This is a new blog advocating that Ken Andersen should not be in a Minnesota prison for a crime he did not commit. Thanks to you devoted readers, in less than a month, in only 12 posts so far, we have attracted over 1,000 readers. This is unprecedented! Thank all of you for sharing and lets keep sharing and try to get the word out as much as possible. Lets have 2,000 as soon as possible. I will continue to post news on Monday, Wednesday, and Friday. Will you help share this?
On Wednesday I posted the words of Ken Swedberg, Chad Swedberg’s brother and neighbor, about the events of April 13, 2007. Let’s take a careful look at his account of that morning. Of all the ones who took the stand against Ken Andersen, you might think he would be the one who just wanted justice for his brother’s murder.
After a detailed family history that includes the land deals the family was engaged in, Ken S. talks about the night of April 12. He says that Chad came over with Jesse Fain about 8pm to look at some maple syrup Ken S. had. He says they were just talking shop about the syrup business. He does admit they have argued and fought as brothers might do. Ken S. talks extensively about his bee business for a while as the prosecution gets around to the morning of April 13.
Ken Swedberg says he got up early and went out to stir the syrup for 5-10 minutes and watched his daughter Megan get on the bus at 7:40am. He also sees Thomas Covington get on the bus. He was about to “take off” by tieing down his truck, and making some sandwiches. Now here is where it gets weird. The prosecution fast forwards two hours and twenty minutes ahead to when Leslie Fain calls him from where Chad lays dead.
Ken, what were you doing for 2 1/2 hours? They prosecutor never asks. They go immediately into the arrival of EMT’s and Police Officers.
Ken Andersen actually does have an alibi and a blow-by-blow account of what he was doing that morning. It was verified by the investigators as they attempted to tear it apart. It seems very odd that the Police gave Leslie Fain, Al Baker, and Ken Swedberg a free pass when it came to the time from 7:40am to 9:58am.
The next thing that occurs is they let Ken S. ruin the crime scene.
Poor Mr. Durkin tries to ask about the conditions of the ground that morning, the strange way Thomas Covington was dressed, his hurry to catch the bus, and the death threats Covington made against Chad, but is quickly shut up by Zdrazil and the judge.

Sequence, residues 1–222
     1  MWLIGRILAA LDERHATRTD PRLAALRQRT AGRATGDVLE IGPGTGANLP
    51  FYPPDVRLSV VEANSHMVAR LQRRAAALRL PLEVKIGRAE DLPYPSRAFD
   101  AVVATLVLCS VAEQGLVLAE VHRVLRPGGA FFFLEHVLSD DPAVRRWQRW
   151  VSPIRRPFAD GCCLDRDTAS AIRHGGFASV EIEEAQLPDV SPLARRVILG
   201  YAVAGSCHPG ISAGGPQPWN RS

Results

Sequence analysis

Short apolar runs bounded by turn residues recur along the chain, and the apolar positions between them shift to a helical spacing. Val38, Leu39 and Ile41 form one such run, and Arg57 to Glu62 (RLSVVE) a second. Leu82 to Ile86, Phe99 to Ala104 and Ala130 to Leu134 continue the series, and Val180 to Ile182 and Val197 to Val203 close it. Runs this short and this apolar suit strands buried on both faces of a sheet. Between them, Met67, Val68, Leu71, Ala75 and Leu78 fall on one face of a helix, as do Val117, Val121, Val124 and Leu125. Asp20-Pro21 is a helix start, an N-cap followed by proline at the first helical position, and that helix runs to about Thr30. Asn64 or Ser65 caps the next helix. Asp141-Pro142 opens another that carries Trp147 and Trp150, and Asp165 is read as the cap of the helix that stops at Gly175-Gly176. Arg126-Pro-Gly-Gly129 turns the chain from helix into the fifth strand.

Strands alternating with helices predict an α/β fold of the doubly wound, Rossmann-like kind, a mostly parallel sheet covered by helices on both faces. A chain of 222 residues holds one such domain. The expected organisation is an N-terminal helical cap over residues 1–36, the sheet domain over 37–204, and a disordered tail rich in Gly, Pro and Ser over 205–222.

By keeping tight lid on the information the jury could hear, the case against Ken Andersen was still extremely weak, and we still don’t have more answers as to what really happened that morning. We do have more questions.
1. When was Chad really killed?
2. Where was he killed?
3. Why was he killed?
As we continue to try and understand what really happened the morning of April 13, 2007, Chad’s brother Ken, takes the stand. Here is what he says happened. His testimony is long so I will comment on Friday.
Last Friday, I posted the testimony of Al Baker, the person Chad Swedberg was going to meet the morning he was killed. Here is a picture of where these two men had been working and the spot Chad was found dead.
File0004 (right click on the picture and rotate clock wise)
After reading Al’s account of April 13, 2007, I was left with some questions.
1. Why do you have such a hard time remembering? You were questioned over and over right after this happened. This was a murder, how can you forget even a small detail that occurred that day? What do I mean? You say “I don’t remember” 27 times. That is a lot of “short term memory loss” as you call it. Yet, you can remember the intricate details of the how the two of you built the maple syrup operation.
2. You admit you were supposed to meet Chad at 8am just like he told his wife. On page 1782-1783 you back track hard on that fact, saying you only “planned” to be there at 8am. Isn’t that the same thing?
3. So, what did you do for 2 hours Al?
4. Why didn’t you go to the maple syrup stand as you planned?
5. Why did you mail one of your guns to Alaska without letting law enforcement take a look at it?